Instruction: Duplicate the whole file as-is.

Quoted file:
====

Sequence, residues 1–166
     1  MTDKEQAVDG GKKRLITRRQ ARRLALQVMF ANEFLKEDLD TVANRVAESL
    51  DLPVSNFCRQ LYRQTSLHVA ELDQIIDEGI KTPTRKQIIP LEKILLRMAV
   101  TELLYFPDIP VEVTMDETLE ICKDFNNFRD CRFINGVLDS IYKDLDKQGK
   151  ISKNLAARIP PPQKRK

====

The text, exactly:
Sequence, residues 1–166
     1  MTDKEQAVDG GKKRLITRRQ ARRLALQVMF ANEFLKEDLD TVANRVAESL
    51  DLPVSNFCRQ LYRQTSLHVA ELDQIIDEGI KTPTRKQIIP LEKILLRMAV
   101  TELLYFPDIP VEVTMDETLE ICKDFNNFRD CRFINGVLDS IYKDLDKQGK
   151  ISKNLAARIP PPQKRK